Whether we like it or not, manufacturing is becoming increasingly digitized and connected. Industry increasingly connects production machinery with Internet of Things (IoT) devices, gathers multiple real-time sensor information into large datasets and harnesses machine learning to make data driven decisions. The advantages of this 4th industrial revolution are expected to generate huge increases in profits over the next few years. However, these developments are not without risk.I’m not going to discuss the existential risk of drifting into dependence on a system so complex that only machine intelligence can make any sense of it. Cyber security presents much more immediate risks. Industry 4.0 brings the possibility of both terrorists and state actors gaining the ability to remotely shut down and sabotage critical infrastructure and military assets.
One of the key shifts in capability that big data is bringing, is the ability to combines what were previously separate packets of information into an overview of the entire organisation. This will help optimise productivity and set up a cycle of continuous improvement, driving still more efficiencies across unconnected business functions.
It’s important that in our haste to embrace data as a powerful commercial enabler we don’t forget fundamentals like business continuity, and health and safety. When we forget these basics, it can lead to machinery breaking down, power outages, or even fatal accidents. The conservative and sceptical, who view Industry 4.0 as something to be approached cautiously, should not be dismissed as luddites. Rather, their concerns should be addressed. The risks of disruption and security breaches must be reduced to enable a more widespread adoption of these technologies.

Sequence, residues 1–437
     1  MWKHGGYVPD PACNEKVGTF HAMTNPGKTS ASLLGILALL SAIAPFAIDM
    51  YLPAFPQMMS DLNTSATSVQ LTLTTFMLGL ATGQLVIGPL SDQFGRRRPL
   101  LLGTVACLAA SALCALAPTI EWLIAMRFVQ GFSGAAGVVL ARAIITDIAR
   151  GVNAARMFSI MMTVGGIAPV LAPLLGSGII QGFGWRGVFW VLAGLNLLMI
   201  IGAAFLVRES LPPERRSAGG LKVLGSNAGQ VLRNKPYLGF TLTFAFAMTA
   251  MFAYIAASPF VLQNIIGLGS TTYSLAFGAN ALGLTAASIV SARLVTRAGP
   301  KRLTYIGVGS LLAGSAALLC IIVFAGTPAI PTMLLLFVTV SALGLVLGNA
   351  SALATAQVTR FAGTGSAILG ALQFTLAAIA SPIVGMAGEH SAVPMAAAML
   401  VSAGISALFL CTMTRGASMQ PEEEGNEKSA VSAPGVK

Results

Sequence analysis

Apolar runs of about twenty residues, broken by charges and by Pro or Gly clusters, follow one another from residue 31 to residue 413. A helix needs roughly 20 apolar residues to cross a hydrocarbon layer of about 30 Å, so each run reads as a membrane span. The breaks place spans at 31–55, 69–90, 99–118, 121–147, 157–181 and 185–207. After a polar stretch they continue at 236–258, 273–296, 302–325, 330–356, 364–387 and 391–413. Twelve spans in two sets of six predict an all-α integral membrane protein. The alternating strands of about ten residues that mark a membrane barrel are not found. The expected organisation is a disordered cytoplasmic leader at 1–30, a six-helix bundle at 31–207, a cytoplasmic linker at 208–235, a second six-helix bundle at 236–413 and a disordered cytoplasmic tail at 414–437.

“When talking to either a ‘big data’ evangelist or a risk-averse naysayer, I often find they both share a lack of understanding about the nature, value and significance of the data they produce. Some simply don’t know what data they are generating, whether it is secure and whether it needs to be secure,” said Paul Hingley, Business Manager, Data Services at Siemens. “Questions such as is the data subject to compliance, is it a business continuity risk or is it actually a piece of proprietary IP, are not always considered. And when I ask how robust the data security is within their supply chain, the answer is very often ‘I don’t know’.”
How Important is My Data?
When data is used as part of an optimization process, its importance invariably changes. Data that was previously seen as of low importance may now impact on critical processes. As an organisation becomes more connected and uses data more intelligently, the overall importance of data therefore increases. Hingley refers to Siemens’ work at Heathrow Airport as an example of this: “As part of a wide-ranging data analytics project, we installed performance monitors on the 3,000 baggage carts which run around tunnels under the terminals.Data gathered from these helped Heathrow to predict when a wheel was likely to fail, at which point the cart was automatically diverted into a repair area.However, while this is great example of predictive maintenance being driven by data analytics, Heathrow is also a piece of the UK’s critical infrastructure.”
Many experts agree that cybersecurity, as with other safety issues, is best addressed by standard protocols and procedures. Siemens’ answer to securing industrial data is to create the world’s first joint cybersecurity protocol for manufacturing last year. The Charter of Trust already has 16 international signatories including Airbus, Atos, Cisco, Daimler, Dell Technologies, Deutsche Telekom, IBM and Mitsubishi Heavy Industries.